Northern Michigan in Focus: New Exhibits on Mackinac Island

One of the best things about going to Mackinac Island is visiting the Mackinac State Historic Parks, and this year there’s a couple new exhibits at Fort Mackinac that will transport you back to the start of the War of 1812.

“We really do strive, not only here at Fort Mackinac but in all of our park sites, to always have something new,” said Craig Wilson with the Mackinac State Historic Parks.

And this year they do! Let’s start at the old post headquarters. It’s now called The Office.

“When they first enter the building, it’s going to be one gallery room that just talks about the officers. Who were those men?  What was their background and how did they get here? What was their education and what did they do? What was their day-to-day job?” explained Craig.

One of those officers was Porter Hanks. He was in charge of the fort at the start of the War of 1812 when he found himself in a bit of a situation.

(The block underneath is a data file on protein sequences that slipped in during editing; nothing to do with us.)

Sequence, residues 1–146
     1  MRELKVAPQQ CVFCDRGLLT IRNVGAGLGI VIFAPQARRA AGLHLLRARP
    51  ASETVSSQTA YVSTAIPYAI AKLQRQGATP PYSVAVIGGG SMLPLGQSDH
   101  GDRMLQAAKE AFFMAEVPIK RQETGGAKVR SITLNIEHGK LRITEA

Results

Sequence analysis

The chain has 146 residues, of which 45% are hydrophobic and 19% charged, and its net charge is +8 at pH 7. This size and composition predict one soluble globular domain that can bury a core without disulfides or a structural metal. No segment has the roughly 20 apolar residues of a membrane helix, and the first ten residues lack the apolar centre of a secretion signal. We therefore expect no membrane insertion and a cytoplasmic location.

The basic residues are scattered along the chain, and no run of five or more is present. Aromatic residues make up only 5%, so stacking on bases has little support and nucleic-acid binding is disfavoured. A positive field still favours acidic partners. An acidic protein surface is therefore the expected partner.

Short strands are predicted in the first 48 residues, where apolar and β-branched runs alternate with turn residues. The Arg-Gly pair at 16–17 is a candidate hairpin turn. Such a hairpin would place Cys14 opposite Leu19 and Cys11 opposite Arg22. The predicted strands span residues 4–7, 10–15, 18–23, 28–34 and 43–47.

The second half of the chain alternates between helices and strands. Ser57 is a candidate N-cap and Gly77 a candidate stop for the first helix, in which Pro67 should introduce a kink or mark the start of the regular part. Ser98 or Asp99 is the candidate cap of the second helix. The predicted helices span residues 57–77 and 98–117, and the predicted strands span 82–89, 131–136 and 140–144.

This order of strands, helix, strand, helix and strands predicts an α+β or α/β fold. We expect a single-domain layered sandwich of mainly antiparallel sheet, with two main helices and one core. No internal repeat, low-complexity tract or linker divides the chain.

The Mackinac State Historic Parks made a video to recreate that moment. 

“At the very, very beginning of the War of 1812, about a month after war was declared the British, over on St. Joseph’s Island which is now part of Canada, decided to capture Fort Mackinac and so they brought several hundred Native Americans warriors with them. They landed out on the north side of the island, marched over land during the night, popped up on the high ground behind the fort and basically said surrender or else,” said Craig.

Confused, Hanks didn’t know what to do.

“That’s what we are trying to talk more about is the mental state of Porter Hanks, the commanding officer here. He’s young, he’s in his early 20s and he has no idea that there is a war going on, and he’s faced with the situation. And so he has to make up his mind: is he going to try and fight back with only 60 soldiers against those 600, or is he going to give up without a fight,” explained Craig.

In the end, he surrendered with not one bullet fired.

“It really wasn’t even a battle, it was kind of just an exchange of notes. But again, very dramatic because the American garrison here had no idea that war had even been declared,” said Craig.

History is awesome.

“Even if you were here last year, definitely come back and see new things, but we also have new things at all of our sites here on Mackinac Island and over on the mainland,” encouraged Craig.

Categories: Northern Michigan In Focus